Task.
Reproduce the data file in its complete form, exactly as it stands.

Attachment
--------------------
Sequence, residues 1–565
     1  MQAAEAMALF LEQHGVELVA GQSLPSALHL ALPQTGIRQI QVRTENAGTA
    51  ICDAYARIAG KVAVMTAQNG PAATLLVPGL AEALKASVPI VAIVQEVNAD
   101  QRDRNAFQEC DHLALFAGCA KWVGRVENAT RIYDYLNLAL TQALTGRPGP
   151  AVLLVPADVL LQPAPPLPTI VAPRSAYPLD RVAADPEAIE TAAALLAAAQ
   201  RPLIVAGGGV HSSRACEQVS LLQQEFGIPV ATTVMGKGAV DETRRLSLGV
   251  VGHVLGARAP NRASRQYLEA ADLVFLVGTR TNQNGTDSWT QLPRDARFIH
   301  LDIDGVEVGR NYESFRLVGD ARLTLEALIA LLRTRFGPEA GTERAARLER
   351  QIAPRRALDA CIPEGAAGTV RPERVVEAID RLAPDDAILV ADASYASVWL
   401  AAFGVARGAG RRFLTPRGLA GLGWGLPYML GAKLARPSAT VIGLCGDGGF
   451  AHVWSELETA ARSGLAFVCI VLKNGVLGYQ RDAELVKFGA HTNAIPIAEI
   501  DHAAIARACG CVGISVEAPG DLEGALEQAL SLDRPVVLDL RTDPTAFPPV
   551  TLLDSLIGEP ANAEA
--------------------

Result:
Sequence, residues 1–565
     1  MQAAEAMALF LEQHGVELVA GQSLPSALHL ALPQTGIRQI QVRTENAGTA
    51  ICDAYARIAG KVAVMTAQNG PAATLLVPGL AEALKASVPI VAIVQEVNAD
   101  QRDRNAFQEC DHLALFAGCA KWVGRVENAT RIYDYLNLAL TQALTGRPGP
   151  AVLLVPADVL LQPAPPLPTI VAPRSAYPLD RVAADPEAIE TAAALLAAAQ
   201  RPLIVAGGGV HSSRACEQVS LLQQEFGIPV ATTVMGKGAV DETRRLSLGV
   251  VGHVLGARAP NRASRQYLEA ADLVFLVGTR TNQNGTDSWT QLPRDARFIH
   301  LDIDGVEVGR NYESFRLVGD ARLTLEALIA LLRTRFGPEA GTERAARLER
   351  QIAPRRALDA CIPEGAAGTV RPERVVEAID RLAPDDAILV ADASYASVWL
   401  AAFGVARGAG RRFLTPRGLA GLGWGLPYML GAKLARPSAT VIGLCGDGGF
   451  AHVWSELETA ARSGLAFVCI VLKNGVLGYQ RDAELVKFGA HTNAIPIAEI
   501  DHAAIARACG CVGISVEAPG DLEGALEQAL SLDRPVVLDL RTDPTAFPPV
   551  TLLDSLIGEP ANAEA